Photo essay for the Special Initiative “From Fear to Resilience: Visual Storytelling of COVID-19 in Southeast Asia” by SEA Junction and Partners.
|Title:||Organic gardening sustains a vulnerable community in Metro Manila by Rhon Palmera|
|Storyteller/Artist:||Rhon Palmera (except one by Anonymous)|
|Place:||Pangarap Village, North Caloocan City, Metro Manila, Philippines|
Pangarap Village in North Caloocan City, Metro Manila is composed of two barangays or communities (Barangay 182 and Barangay 183) with a size of 156 hectares and a population of about 40,000 residents. Already before the COVID-19 pandemic, the village has been for two months without electricity and with limited supply of clean water. Since two cases were identified in late March the residents have to cope with the spread of COVID-19 and survive with less incomes during the lockdown (so-called Extended Enhance Community Quarantine) imposed by the national and local government.
Rhon Palmera, a martial arts and pencak silat instructor and former athlete, is the team leader of the village’s volunteers called “Kasambayanihan” or community volunteers – “Taniman sa Komunidad“. Many of the volunteers are his martial arts students. Rhon comes from a family of farmers and together with his team they thought of distributing seeds to the village households in anticipation of the announcement of the lockdown to supplement the diet of families with some healthy food. Fruits from mango trees and other trees common in the barangay, provide further additional nutrients.
Each family can now grow some organic vegetables –including spinach, lettuce and beans– in their premises or in front of their premises, dividing their time for cultivation as best fits their needs. By producing at least some vegetables of their own they reduce their livelihoods costs and they don’t need to go outside minimizing the risk of disease transmission. If they have some surplus they give to the poorest villagers who have no sufficient land to plant. These most disadvantaged community members also help cultivating their neighbors’ plots and earn some small incomes or food. The volunteers also distributed donated goods, included food, but it is most packaged snack and instant foods.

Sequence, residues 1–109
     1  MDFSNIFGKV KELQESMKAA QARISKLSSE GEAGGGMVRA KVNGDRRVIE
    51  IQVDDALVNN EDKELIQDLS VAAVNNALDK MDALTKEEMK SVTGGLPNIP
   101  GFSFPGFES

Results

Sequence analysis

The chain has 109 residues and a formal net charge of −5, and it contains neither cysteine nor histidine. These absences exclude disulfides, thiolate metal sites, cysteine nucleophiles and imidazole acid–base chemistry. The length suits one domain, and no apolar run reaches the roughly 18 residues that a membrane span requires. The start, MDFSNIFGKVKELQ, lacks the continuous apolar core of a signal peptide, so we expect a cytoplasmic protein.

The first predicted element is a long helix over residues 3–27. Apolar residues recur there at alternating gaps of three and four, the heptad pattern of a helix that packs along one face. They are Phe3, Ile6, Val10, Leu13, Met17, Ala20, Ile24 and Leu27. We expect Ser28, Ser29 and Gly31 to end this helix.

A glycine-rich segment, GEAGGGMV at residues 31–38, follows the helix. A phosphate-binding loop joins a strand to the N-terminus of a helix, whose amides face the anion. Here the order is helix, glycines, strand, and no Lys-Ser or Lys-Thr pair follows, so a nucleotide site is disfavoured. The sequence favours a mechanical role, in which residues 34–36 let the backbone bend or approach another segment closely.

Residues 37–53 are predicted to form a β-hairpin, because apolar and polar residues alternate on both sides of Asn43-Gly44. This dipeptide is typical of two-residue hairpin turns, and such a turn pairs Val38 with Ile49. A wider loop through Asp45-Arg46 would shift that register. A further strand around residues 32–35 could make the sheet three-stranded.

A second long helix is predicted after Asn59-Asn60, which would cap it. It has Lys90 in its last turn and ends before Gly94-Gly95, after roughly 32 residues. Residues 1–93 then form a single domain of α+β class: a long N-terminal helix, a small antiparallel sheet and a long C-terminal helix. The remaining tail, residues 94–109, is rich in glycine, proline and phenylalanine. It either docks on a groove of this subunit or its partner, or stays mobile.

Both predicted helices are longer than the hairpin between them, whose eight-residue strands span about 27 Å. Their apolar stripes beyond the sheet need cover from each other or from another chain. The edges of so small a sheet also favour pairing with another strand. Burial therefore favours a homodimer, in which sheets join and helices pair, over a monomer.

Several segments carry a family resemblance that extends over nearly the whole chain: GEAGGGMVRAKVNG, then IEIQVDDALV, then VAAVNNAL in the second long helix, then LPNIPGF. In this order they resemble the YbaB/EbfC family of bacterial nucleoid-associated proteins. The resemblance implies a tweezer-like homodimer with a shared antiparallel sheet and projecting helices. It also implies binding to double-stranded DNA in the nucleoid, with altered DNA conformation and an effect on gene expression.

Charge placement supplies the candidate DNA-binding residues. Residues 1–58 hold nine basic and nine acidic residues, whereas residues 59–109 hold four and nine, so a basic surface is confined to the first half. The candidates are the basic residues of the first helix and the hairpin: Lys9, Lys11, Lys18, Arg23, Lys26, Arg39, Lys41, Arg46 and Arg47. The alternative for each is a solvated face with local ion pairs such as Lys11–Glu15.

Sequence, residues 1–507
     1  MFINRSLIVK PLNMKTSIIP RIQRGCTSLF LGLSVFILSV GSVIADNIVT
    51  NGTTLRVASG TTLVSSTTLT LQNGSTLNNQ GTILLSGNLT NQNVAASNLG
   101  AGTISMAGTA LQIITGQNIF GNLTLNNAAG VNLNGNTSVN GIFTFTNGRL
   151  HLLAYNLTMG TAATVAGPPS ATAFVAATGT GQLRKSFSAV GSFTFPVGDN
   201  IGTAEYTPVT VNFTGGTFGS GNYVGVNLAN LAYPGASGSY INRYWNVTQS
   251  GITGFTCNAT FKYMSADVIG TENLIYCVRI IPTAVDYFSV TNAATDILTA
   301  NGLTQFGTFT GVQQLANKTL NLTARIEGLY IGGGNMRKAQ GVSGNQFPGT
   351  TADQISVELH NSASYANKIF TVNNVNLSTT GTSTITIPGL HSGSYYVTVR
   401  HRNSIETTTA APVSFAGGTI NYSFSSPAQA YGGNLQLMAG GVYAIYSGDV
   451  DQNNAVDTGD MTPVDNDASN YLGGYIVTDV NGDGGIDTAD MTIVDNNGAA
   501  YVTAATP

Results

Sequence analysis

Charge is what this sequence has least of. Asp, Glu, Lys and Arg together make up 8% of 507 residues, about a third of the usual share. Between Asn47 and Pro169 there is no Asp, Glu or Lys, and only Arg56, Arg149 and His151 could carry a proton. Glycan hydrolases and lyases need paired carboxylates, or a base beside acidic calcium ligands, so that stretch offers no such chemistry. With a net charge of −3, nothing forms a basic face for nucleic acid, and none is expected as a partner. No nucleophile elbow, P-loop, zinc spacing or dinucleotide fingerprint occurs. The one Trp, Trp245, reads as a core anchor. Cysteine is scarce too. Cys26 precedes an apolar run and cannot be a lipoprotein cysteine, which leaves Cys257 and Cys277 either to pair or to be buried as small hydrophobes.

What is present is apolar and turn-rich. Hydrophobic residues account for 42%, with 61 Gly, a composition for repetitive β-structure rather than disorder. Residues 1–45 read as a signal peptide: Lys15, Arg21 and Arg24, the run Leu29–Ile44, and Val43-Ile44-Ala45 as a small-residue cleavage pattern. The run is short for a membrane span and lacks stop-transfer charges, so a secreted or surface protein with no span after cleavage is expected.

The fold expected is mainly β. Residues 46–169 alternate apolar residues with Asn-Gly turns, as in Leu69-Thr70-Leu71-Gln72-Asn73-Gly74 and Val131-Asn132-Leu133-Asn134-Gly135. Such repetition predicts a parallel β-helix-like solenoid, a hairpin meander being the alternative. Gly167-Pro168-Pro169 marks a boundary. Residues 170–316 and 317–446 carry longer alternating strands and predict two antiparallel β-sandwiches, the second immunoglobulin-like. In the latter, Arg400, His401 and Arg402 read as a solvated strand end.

The lack of electricity and ample supply of water negatively affect the community’s daily activities. It also required some inventiveness in cultivating. Families recycle waste waters from the kitchen sinks to nourish the plants and also use the water used to wash the rice (waste water) for irrigation purposes. They also adjusted the design of the planters to ensure minimal use of water. Plants on top drip water below where other layers of plants are located in a cascade. For the lack of electricity some families use solar power while others use generator sets to try to have sufficient energy for the household chores. The plants are not too effected as they are grown outside in the warm temperature of the Philippines
The strict lockdown has now given way to the less stringent Modified Enhanced Community Quarantine (MECQ). Life conditions in the barangays remain harsh, but in Rhon’s words “volunteerism and green gardening enable us to be resilient during this crisis”.
Rhon Palmera is a former Philippines National Pencak Silat team member and 1991 SEA Games medalist and has been competing internationally since 1991. Now he is greatly involved in Ethnosport and traditional games and in promoting volunteerism. He and his family live in Pangarap Village.
From Fear to Resilience: Visual Storytelling of COVID-19 in Southeast Asia is a special initiative of SEA Junction and its partners Beyond Food, GAATW and Bangkok Tribune to provide an alternative visual narrative of the pandemic in the region. We believe in the importance of reducing fear and promote informed policy and public discussion to show that COVID19 is also a tale of survival, resilience and solidarity. We are asking for short stories in the form of photo essays, short documentaries and illustrated art essays in any language of Southeast Asia (to be later translated into English) or in English.
See further: http://seajunction.org/special-initiatives/